Zeke Rowe, PhD Student


Evading detection by predators is often crucial for an animal’s survival. Camouflage is a widespread solution to this problem and yet, despite substantial research efforts, our understanding of camouflage relies mainly on individual species without taking into account the wider ecological implications.

As part of the CAMOSENSE project, I will be using visual camouflage traits to try and develop a quantitative framework to study the predator-prey interactions of whole communities. The project aims to phenotype hundreds of species of Lepidoptera whilst also quantifying their visual environments to examine their camouflage efficiency. By doing this we ultimately hope to develop a framework in which we are able to better predict how communities will respond to environmental change. In addition to this, I will be exploring other questions on community-level camouflage and antipredator behaviour.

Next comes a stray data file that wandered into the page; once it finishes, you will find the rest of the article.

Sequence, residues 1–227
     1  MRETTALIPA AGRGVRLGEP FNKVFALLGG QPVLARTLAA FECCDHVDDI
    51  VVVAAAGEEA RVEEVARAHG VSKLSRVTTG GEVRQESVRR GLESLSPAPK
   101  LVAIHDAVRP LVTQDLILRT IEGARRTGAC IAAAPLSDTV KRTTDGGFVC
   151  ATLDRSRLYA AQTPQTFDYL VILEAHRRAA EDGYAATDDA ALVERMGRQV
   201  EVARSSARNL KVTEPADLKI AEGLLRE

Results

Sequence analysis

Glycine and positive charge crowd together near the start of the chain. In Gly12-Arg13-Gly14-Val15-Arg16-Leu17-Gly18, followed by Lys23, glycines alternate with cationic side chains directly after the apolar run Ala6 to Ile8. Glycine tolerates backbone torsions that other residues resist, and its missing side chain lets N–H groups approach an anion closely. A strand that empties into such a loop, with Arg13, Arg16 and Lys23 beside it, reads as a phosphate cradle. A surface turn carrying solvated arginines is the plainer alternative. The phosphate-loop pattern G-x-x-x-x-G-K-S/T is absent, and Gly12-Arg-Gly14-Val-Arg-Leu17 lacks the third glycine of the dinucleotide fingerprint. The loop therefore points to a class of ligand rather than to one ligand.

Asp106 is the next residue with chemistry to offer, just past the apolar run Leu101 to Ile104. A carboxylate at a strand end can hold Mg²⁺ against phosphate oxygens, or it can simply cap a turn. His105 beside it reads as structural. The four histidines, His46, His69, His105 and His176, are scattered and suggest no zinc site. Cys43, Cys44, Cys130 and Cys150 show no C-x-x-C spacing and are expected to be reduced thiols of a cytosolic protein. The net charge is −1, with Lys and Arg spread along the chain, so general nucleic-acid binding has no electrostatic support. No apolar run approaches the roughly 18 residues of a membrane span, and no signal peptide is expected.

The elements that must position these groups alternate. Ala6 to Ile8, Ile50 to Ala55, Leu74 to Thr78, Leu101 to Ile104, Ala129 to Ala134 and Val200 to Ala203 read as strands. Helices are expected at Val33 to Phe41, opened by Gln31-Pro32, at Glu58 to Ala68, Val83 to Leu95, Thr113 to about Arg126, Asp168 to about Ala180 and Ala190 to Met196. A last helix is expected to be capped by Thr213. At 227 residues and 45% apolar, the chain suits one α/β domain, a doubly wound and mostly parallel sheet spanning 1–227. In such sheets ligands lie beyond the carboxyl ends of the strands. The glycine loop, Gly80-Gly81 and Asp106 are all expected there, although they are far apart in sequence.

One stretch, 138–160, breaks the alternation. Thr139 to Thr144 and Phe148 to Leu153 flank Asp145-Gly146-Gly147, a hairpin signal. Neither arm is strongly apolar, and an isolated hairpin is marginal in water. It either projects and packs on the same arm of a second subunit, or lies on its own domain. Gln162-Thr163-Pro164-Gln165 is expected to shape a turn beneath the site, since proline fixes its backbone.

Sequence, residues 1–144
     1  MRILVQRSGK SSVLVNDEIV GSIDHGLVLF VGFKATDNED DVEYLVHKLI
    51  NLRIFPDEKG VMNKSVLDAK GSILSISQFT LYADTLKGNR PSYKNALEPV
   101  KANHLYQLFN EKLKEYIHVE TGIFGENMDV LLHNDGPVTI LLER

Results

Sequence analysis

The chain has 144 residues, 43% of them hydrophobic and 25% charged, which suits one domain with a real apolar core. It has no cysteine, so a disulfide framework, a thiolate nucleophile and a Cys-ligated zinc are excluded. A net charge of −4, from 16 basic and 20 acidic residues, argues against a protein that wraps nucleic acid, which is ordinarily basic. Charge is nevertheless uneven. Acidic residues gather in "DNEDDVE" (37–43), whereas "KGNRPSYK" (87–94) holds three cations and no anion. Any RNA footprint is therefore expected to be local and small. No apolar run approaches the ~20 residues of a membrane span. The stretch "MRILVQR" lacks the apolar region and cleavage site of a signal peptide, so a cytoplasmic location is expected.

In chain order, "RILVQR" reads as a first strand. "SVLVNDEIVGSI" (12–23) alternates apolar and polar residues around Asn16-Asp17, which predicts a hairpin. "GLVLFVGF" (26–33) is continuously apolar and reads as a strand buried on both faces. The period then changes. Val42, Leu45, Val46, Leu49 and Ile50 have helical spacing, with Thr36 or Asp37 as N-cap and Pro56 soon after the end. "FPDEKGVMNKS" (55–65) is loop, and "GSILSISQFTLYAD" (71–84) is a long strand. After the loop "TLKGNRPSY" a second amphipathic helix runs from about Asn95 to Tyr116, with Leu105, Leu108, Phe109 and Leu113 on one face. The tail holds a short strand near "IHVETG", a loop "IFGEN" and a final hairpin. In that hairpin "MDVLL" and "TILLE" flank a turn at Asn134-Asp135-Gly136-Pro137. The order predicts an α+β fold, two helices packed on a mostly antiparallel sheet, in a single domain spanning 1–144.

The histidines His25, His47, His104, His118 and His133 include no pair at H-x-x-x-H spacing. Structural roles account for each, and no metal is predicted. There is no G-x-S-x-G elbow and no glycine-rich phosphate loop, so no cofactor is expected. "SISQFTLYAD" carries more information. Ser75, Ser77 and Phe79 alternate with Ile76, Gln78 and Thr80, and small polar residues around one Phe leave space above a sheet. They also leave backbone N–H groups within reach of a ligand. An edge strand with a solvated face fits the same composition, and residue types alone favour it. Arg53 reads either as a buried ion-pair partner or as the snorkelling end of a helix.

I have previously worked on a number of projects exploring adaptive colouration and animal conservation. My Master’s work focused on visual complexity and its evolutionary and ecological impacts on animal camouflage.

Selected Publications

Rowe ZW, Austin DJD, Chippington N, Flynn W, Starkey F, Wightman EJ, Scott-Samuel NE and Cuthill IC. 2021 Background complexity can mitigate poor camouflage. Proceedings of the Royal Society: B. 288,

Caro T, Rowe Z, Berger J, Wholey P and Dobson A. 2022 An inconvenient misconception: Climate change is not the principal driver of biodiversity loss. Conservation Letters.  00e12868. doi.org/10.1111/conl.12868.

Caro T, Brockelsbury K, Ferrari A, Koneru M, Ono K, Rowe ZW, Touche E, Walker H, and Stankowich T. 2022 On the evolution of distinctive natal coat coloration in primates. American Journal of Biological Anthropology. 177, 530– 539, doi.org/10.1002/ajpa.24468.

Dobson A, Rowe Z, Berger J, Wholey P and Caro T. 2021 Biodiversity loss due to more than climate change. Science. 374, 699-700, doi:10.1126/science.abm6216.

Rowe ZW, Robins JH, and Rands SA. 2020 Red deer Cervus elaphus blink more in larger groups. Scientific Reports (in review) (bioRxiv preprint. doi.org/10.1101/2020.08.11.245837)

Link to full publication list in PURE